Eastern District Of New York Denies Motion To Dismiss Putative Class Action Against Subscription-Based Meal Kit Company But Rejects Claims Based On Alleged Omission Of Intra-Quarter Decline In Key Metric
On April 22, 2020, Judge William F. Kuntz II, of the United States District Court for the Eastern District of New York granted in part and denied in part a motion to dismiss a putative securities fraud class action based on purportedly misleading statements in the prospectus and registration statement (the “Offering Materials”) filed by a subscription-based meal kit service (the “Company”) in connection with its initial public offering (“IPO”). The complaint asserted claims under Sections 11 and 15 of the Securities Act of 1933 against the Company and certain of its officers. In re Blue Apron Holdings, Inc. Sec. Litig., No. 17-CV-4846 (E.D.N.Y. Apr. 22, 2020). Plaintiffs alleged that the Company, which provides meal kits to customers through a weekly subscription service, concealed known risks and made misleading statements concerning challenges the Company faced with one of its product fulfilment centers. Although the Court denied defendants’ motion to dismiss claims that the Company had failed to disclose risks associated with the performance of this fulfillment center, it rejected plaintiffs’ claims based on the alleged non-disclosure of declines in a Company statistic for measuring the number of meal kits delivered on time with all of their ingredients, which were announced by the Company in the quarter immediately following the IPO. Confirming that Section 11 claims generally cannot be based on disclosures in earnings announcements following an offering, even when the quarterly earnings announcements closely follow, the Court held that the complaint failed to allege sufficiently that the declines were known even though the quarter ended one day after the IPO.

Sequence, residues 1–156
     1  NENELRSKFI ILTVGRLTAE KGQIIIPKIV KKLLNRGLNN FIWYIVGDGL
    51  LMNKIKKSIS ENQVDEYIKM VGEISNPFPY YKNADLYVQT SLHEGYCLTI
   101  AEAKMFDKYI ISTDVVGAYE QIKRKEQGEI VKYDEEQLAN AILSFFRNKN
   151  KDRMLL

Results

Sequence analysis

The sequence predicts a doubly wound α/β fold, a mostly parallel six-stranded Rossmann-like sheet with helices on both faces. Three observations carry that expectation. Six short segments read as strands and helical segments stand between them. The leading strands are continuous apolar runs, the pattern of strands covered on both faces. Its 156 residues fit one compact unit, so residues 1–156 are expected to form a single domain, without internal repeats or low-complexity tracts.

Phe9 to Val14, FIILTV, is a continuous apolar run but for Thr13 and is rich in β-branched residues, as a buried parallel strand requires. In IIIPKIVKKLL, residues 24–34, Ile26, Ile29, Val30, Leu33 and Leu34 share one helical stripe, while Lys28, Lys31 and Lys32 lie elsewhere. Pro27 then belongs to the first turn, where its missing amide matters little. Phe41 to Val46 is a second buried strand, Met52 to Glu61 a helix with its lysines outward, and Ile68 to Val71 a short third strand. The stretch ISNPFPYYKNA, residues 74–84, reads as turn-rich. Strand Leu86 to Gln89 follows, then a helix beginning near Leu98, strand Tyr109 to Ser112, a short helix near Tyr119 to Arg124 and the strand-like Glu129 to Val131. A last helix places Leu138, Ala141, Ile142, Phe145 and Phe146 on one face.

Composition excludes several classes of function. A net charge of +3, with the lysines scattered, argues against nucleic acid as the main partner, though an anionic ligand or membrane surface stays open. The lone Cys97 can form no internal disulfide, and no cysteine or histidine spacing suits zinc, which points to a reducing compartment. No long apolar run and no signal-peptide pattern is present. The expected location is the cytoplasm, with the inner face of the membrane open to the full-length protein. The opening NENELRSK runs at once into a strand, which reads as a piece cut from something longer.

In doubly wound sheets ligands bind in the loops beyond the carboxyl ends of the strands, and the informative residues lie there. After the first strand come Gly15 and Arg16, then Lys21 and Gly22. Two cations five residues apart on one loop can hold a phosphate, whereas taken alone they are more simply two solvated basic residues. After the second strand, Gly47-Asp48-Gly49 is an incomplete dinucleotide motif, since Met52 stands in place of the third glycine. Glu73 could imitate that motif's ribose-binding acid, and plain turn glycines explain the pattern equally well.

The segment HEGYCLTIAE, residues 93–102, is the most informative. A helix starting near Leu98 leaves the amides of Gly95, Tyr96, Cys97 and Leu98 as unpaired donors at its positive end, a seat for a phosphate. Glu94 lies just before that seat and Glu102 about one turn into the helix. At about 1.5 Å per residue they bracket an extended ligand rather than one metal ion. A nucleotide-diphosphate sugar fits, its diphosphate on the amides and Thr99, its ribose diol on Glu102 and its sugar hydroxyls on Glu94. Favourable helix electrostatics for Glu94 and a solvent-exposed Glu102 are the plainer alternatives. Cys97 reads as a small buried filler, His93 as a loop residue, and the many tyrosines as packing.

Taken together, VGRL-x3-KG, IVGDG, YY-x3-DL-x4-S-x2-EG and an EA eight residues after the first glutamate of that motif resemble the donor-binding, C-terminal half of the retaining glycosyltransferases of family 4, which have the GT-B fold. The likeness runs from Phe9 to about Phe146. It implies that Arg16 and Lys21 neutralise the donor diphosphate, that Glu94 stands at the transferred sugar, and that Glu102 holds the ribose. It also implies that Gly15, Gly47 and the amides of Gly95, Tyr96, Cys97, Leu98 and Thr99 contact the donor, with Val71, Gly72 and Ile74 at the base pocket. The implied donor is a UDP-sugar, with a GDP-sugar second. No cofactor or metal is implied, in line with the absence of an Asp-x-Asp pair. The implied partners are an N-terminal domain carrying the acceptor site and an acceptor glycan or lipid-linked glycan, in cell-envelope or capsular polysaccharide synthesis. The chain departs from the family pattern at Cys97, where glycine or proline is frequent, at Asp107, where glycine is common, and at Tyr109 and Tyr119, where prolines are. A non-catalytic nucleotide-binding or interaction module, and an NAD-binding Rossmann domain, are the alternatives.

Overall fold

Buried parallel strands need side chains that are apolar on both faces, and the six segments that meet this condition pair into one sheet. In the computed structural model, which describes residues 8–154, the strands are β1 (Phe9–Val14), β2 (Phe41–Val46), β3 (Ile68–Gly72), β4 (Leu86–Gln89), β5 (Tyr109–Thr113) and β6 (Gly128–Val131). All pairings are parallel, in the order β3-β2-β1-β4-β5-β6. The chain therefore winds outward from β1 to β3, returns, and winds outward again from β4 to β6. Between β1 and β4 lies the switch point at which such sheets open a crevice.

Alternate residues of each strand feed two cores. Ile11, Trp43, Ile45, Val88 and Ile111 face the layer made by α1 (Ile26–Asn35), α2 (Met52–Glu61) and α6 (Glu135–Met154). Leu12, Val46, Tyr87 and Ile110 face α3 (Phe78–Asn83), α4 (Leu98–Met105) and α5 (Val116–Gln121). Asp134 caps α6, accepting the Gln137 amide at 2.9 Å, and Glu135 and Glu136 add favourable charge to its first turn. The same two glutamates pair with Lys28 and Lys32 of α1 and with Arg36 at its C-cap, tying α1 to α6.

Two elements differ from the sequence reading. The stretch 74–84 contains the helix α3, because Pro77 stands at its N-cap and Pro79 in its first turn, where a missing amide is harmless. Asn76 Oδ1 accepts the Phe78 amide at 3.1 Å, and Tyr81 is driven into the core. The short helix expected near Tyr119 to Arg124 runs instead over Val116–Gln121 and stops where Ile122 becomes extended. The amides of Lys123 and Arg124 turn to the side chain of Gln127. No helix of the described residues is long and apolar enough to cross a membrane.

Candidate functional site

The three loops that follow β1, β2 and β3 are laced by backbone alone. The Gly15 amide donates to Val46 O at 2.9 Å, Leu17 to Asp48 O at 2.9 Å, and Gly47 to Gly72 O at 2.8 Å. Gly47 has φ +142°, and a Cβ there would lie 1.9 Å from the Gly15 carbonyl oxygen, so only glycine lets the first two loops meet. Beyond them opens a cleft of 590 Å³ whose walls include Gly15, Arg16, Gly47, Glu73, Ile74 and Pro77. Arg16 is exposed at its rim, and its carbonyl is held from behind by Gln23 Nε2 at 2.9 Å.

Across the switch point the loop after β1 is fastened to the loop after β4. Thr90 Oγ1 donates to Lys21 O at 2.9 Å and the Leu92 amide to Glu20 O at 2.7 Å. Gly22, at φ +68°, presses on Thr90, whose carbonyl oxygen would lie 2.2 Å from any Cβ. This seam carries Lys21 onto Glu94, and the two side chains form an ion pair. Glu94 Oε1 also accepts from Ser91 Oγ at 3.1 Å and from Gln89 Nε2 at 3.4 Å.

Northern District Of California Dismisses Complaint Against A Ticketing Platform Provider For Failure To Plead Falsity
On April 28, 2020, Judge Edward J. Davila of the United States District Court for the Northern District of California granted a motion to dismiss a putative securities fraud class action based on purportedly misleading statements in the prospectus and registration statement (the “Offering Materials”) filed by a ticketing platform provider (the “Company”) in connection with its initial public offering (“IPO”). The complaint asserted claims under Sections 11 and 15 of the Securities Act of 1933 and Section 10(b) and 20(a) of the Securities Exchange Act of 1934 against the Company and certain of its officers, and violations of Section of 11 of the Securities Act against the underwriters for the IPO. In re Eventbrite Inc. Sec. Litig., No. 5:18-CV-02019-EJD (N.D. Cal. Apr. 28, 2020). In granting the motion to dismiss, the Court held that it could rely on documents incorporated into the complaint by reference to negate conclusory allegations in the complaint and for context, and further held that plaintiffs failed to adequately plead falsity and that the Company, in any event, sufficiently disclosed risks associated with the acquisition. The Court also held that the heightened pleading requirements of Rule 9(b) of the Federal Rules of Civil Procedure applied to the Section 11 claims and that its risk disclosures were sufficient under Item 303.
Connecticut State Court Grants Motion To Strike Securities Act Claims
On October 24, 2019, Judge Charles T. Lee of the Connecticut Superior Court granted a motion to strike claims alleging violations of Sections 11, 12(a) and 15 of the Securities Act of 1933 (the “Securities Act”) in connection with an initial public offering brought against the issuer, certain of its officers, and the underwriters of the offering. City of Livonia Retiree Health & Disability Benefits Plan v. Pitney Bowes Inc.
, No. X08 FST CV 18 6038160 S (Conn. Super. Ct. Oct. 24, 2019). The Court had previously granted a protective order staying discovery pending the disposition of the motion to strike pursuant to the discovery stay provided in the Private Securities Litigation Reform Act, in one of the first state court decisions after the Supreme Court’s decision in Cyan Inc. v. Beaver Cty. Employees Ret. Fund
, 138 S. Ct. 1061 (2018). See
State Court Stays Discovery Under the PSLRA During Pendency of Motion to Strike, Need to Know Litigation Newsletter (May 29, 2019), https://www.lit-sl.shearman.com/State-Court-Stays-Discovery-Under-The-PSLRA-During-Pendency
. In granting the motion to strike, the Court held that plaintiffs had failed to plead violations of the Securities Act because they did not identify any actionable misstatements or omissions from the relevant offering documents.